Early this week Wolff Olins revealed a complete multi-platform rebranding and design of USA Today. The simplified and dynamic logo works well as you transition between the sections of the newspaper.
The new site that goes along with the refresh, beta.usatoday.com, feels both fresh and modern. They took some huge risks by trying out unique UX design approaches, but I imagine it will encourage people to spend more time ‘browsing’ through the news.
Follow Wolff Olins on Tumblr
Alexis Ohanian - co-founder of Reddit, Hipmunk and Breadpig
Fi’s case studies are clearly in a league of their own to show off their client work. As a potential client you gain insight to their entire process and strategy, but as a designer the case studies are valuable tools in learning how to communicate design strategy with a client.
If you are a designer or a small design studio, this is the level of detail that you need to pour into every project to move beyond your tired hourly-based billing into the promise land of value based pricing. Charging by the hour is for chumps.
37signals have come up with some very unique although simple user experience patterns that should make using Basecamp easier than ever. Jump into the video at 3 minutes to see a demonstration of how they are allowing for you to easily navigate into a project.
Looks pretty awesome. That’s some smart “text as an interface” UI.
Preview of the new Basecamp UI (by 37signals)
Teehan+Lax just updated their iPhone mockup PSD to include all the new subtle design changes and details introduced in this week’s iOS 5. Overall not a lot has changed, but you can certainly tell that Apple spent a lot of time polishing and perfecting the details.
I think it’s becoming clear to everyone—except those certain clients stuck in 2002—the fold no longer exists or is relevant. If you’re not convinced read this article by Paddy Donnelly who makes the case that a build up to “the prize” at the bottom of a page is more effective than cramming the top of the page with the important stuff and filling the bottom with junk.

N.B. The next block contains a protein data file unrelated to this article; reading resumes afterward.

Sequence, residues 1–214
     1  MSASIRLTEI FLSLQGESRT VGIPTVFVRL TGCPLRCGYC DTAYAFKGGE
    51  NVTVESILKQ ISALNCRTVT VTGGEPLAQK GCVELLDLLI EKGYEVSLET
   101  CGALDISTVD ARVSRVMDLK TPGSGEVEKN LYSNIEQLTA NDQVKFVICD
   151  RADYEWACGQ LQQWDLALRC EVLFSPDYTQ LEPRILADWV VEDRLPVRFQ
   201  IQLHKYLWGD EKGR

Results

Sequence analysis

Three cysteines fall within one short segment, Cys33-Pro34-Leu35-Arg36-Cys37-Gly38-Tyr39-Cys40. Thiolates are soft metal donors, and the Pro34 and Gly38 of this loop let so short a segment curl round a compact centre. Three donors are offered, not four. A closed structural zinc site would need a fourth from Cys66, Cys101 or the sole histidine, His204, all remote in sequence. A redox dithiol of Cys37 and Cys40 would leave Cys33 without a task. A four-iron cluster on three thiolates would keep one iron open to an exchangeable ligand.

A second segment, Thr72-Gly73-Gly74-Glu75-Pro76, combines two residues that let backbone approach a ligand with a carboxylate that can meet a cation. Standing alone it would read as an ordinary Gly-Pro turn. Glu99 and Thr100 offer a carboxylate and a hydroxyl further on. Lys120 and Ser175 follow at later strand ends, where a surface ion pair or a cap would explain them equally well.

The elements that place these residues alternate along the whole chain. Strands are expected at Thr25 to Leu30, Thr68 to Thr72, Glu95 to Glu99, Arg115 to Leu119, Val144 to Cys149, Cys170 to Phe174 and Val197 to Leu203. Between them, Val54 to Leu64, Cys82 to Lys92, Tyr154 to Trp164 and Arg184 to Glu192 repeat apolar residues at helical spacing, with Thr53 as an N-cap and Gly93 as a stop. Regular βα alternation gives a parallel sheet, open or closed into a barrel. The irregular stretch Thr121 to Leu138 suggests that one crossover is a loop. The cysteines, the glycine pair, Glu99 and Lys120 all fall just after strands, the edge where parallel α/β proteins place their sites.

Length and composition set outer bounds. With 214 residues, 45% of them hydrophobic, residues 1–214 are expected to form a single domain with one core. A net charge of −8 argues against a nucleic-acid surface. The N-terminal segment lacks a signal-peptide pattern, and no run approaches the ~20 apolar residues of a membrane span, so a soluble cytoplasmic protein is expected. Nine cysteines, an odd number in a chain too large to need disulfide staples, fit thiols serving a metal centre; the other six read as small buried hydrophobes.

Like cake, the fold is a lie.
“Hail to all the great UX designers of the world!” Part II follows up the first ILUVUXDESIGN animation explaining exactly what a UX designer does.
Grab some wallpapers and a teeshirt at ILUVUXDESIGN.com
Who doesn’t love a good UX design, and who doesn’t get totally frustrated with bad experience design.
Hail to all the great UX designers of the world. Spread the love for UX design!!!
Fun animation explaining what a UX designer does—obsessed with changing the world one screen at a time.
Found on Surfstation
New Tumblr blog showcasing an inspirational collection of small UX details that make a huge impact.
A well written article by Andy Rutledge on the disservice universities and higher educations are doing to students going into user experience or web-related design. I would much rather hire someone self-taught and motivated to learn over someone who spent years learning out-dated methods and technology.
This article addresses the problem head-on, and I could not agree more. Read The UX Design Education Scam.
In the past I have worked with UX professionals that have an incredible grasp on user experience, but they present their work in a highly technical manner that makes it difficult for clients to digest. When we create wireframes for clients at New Ezra the three most important factors are to design beautifully polished UX, illustrate high level functional, and rapidly mock-up the wireframes so that we can move forward into execution.
Travis Isaacs put together a presentation that takes you through his workflow of wireframing in Keynote. This presentation not only covers tips on how to use Keynote as a rapid and effective wireframing tool, but it also goes into specifics on how to effectively communicate to the client through wireframes.
If you’re interested in giving Keynote a try for wireframing make sure you check out Travis’ Keynote Wireframe Kit - http://keynotekungfu.com/
Designer and open web advocate Chris Messina worked with Mozilla Labs to created a series of interface designs for a re-imagined, social focused browser. The ideas presented were based on the following emerging conditions:
In addition to the great ideas about the future of the browser, the set of designs posted to Flickr are rich with unique user experience concepts. Read more about the project on Chris Messina’s blog.
Reblogged from David Kaneda